Editor’s Note: In this BC Law Magazine “Vision Project” series, we are engaged in a lengthy discussion with Boston College Law School faculty about where the Covid-19 pandemic and its attendant medical, economic, racial, and political consequences may lead us. As New York Times op-ed columnist Timothy Egan so eloquently put it recently, “Every crisis opens a course to the unknown. In an eye-blink, the impossible becomes possible. History in a sprint can mean a dark, lasting turn for the worse, or a new day of enlightened public policy.” There are warnings and worries in these professors’ views, but there are also farsighted ideas and strategies for crafting a better future, a more just society, and a world in which each and every human being is equal under the law.
ASSOCIATE PROFESSOR BRIAN QUINN
Prof. Quinn writes on corporate law, mergers & acquisitions, transaction structures and private ordering. His work has appeared in numerous journals, and he is co-author of a leading casebooks on mergers and acquisitions and corporate law. In addition, Prof. Quinn has written extensively on issues of legal reform in post-Socialist Asia, particularly Vietnam. He is a fluent Vietnamese speaker.
What has the coronavirus pandemic revealed about the strengths and weaknesses of our understanding of corporate law as it impacts social and economic justice? Toilet paper shortages, no PPE, corporate bankruptcies. For many of us, these might be how we remember the early days of the pandemic. They seem like random events, but there is a thread that connects them all. The pandemic has been a devastating assault on many of the underlying assumptions of modern corporate governance. For the past fifty years, corporate governance has been heavily influenced by investing theory and financial economics. Combine this with theories that sought to align managers with stockholders through increased use of stock and stock options as compensation for managers. In many places, the corporate system focused on ever increasing efficiency and corporate profits was lauded. But in the face of the pandemic, we see what the weaknesses of operating on a knife-edge becomes obvious. The system is brittle, like a dry branch on a tree, incapable of bending under stress, only breaking.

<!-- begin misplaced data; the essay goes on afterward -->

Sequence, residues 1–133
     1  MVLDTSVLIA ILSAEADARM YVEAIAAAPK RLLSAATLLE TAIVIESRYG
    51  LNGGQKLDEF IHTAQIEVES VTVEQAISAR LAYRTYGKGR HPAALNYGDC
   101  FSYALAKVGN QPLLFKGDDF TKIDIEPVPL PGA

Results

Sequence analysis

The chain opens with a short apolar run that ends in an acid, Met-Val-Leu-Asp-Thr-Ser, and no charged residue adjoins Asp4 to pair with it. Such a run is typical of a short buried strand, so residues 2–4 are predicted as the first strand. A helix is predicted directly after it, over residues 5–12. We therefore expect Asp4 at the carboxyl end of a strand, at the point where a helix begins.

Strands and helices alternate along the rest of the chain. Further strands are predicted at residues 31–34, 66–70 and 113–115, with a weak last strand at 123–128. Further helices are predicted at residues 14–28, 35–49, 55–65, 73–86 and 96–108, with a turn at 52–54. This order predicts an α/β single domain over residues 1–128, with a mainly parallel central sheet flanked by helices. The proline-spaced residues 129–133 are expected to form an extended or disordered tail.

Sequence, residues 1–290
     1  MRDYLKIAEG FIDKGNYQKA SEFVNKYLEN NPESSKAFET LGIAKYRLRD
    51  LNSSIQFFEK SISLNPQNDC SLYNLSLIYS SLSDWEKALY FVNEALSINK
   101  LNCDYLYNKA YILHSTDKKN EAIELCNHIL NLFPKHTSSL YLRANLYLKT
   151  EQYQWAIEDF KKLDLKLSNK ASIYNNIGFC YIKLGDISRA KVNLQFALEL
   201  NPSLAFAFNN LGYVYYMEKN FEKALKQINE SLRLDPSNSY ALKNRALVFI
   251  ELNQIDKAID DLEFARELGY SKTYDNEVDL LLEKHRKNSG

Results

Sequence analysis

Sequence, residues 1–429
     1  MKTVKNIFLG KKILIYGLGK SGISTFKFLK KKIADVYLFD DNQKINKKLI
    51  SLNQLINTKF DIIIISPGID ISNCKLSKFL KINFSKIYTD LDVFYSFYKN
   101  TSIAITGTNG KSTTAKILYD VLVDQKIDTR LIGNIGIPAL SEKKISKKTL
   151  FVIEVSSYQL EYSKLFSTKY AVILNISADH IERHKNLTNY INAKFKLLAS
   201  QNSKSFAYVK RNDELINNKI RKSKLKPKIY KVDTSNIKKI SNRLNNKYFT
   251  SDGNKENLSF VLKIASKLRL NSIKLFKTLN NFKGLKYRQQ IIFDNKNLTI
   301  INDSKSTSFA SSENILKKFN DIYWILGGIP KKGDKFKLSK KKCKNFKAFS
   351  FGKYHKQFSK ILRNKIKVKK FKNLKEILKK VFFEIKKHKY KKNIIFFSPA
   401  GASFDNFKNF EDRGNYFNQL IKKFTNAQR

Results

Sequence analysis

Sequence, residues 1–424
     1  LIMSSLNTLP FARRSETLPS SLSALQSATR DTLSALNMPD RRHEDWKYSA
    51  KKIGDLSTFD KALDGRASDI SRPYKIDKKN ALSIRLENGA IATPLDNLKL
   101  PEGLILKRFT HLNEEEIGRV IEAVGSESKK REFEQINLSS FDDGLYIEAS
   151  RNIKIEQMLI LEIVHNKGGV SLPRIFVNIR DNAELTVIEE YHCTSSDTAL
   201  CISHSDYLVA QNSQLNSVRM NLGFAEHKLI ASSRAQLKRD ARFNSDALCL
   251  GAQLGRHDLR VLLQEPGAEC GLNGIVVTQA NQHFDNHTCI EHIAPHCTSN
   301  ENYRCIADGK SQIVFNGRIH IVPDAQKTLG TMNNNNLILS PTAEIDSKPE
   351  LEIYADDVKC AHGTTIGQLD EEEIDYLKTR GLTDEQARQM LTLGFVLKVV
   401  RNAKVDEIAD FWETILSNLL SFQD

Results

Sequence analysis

What needs to change? Supply chains had become so finely tuned over the years that very little excess capacity could be found in the system. Amazingly, the toilet paper business is a capital-intensive business that operates at the very edge of efficiency. With a surge in demand for toilet paper, there should be no surprise that the supply chain is unable to respond in the short run. The same is true of PPE. Over the past twenty-five years, the manufacturing supply chain has become increasingly global. When the pandemic hit, we suddenly realized that there was no PPE to be had in the US. It was all made in Asia. The scramble to protect frontline medical workers that ensued can be laid at the feet, in part, to the decades-long effort to improve corporate efficiency and increase profits. When the economy ground to a halt in March, the first ones to suffer were employees who were let go to conserve corporate cash. It turns out rainy funds are a thing of the past. Corporations spent more than $700 billion on stock buybacks in 2019 and were on pace to do the same in 2020 before the pandemic. Given the size of the CARES Act corporate bailout, corporate largesse in the past few years seems ill-advised, at least in hindsight.
What is your vision for the corporate sector in a post-pandemic world? The real question coming out of the pandemic is whether we just return to status quo ante, simply privatizing gains and socializing losses, or if the corporate sector will learn. Learning, though, will require changes to the basic incentives facing corporate managers and stockholders. It’s not at all clear that the corporate sector and investors are ready to learn those lessons.
Read all faculty Vision Project interviews here.